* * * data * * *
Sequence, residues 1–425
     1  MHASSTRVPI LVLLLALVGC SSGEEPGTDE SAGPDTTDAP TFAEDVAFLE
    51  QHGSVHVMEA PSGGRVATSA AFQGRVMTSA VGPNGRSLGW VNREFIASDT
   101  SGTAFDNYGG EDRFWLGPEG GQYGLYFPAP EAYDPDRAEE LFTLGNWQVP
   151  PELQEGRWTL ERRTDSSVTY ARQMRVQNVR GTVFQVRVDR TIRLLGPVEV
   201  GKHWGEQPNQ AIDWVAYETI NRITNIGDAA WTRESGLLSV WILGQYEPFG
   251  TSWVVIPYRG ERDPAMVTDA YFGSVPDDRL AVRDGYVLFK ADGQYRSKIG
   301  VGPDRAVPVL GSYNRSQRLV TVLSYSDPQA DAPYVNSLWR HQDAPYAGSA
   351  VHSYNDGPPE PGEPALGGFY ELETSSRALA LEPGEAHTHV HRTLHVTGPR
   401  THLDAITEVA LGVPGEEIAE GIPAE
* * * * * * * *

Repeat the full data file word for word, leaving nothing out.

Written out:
Sequence, residues 1–425
     1  MHASSTRVPI LVLLLALVGC SSGEEPGTDE SAGPDTTDAP TFAEDVAFLE
    51  QHGSVHVMEA PSGGRVATSA AFQGRVMTSA VGPNGRSLGW VNREFIASDT
   101  SGTAFDNYGG EDRFWLGPEG GQYGLYFPAP EAYDPDRAEE LFTLGNWQVP
   151  PELQEGRWTL ERRTDSSVTY ARQMRVQNVR GTVFQVRVDR TIRLLGPVEV
   201  GKHWGEQPNQ AIDWVAYETI NRITNIGDAA WTRESGLLSV WILGQYEPFG
   251  TSWVVIPYRG ERDPAMVTDA YFGSVPDDRL AVRDGYVLFK ADGQYRSKIG
   301  VGPDRAVPVL GSYNRSQRLV TVLSYSDPQA DAPYVNSLWR HQDAPYAGSA
   351  VHSYNDGPPE PGEPALGGFY ELETSSRALA LEPGEAHTHV HRTLHVTGPR
   401  THLDAITEVA LGVPGEEIAE GIPAE